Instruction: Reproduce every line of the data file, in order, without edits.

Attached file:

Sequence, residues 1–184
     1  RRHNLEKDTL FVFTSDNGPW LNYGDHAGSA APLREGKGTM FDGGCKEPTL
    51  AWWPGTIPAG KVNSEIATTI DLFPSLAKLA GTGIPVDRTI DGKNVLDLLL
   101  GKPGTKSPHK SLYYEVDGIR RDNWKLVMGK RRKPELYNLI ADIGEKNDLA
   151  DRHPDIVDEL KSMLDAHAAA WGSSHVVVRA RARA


Sequence, residues 1–184
     1  RRHNLEKDTL FVFTSDNGPW LNYGDHAGSA APLREGKGTM FDGGCKEPTL
    51  AWWPGTIPAG KVNSEIATTI DLFPSLAKLA GTGIPVDRTI DGKNVLDLLL
   101  GKPGTKSPHK SLYYEVDGIR RDNWKLVMGK RRKPELYNLI ADIGEKNDLA
   151  DRHPDIVDEL KSMLDAHAAA WGSSHVVVRA RARA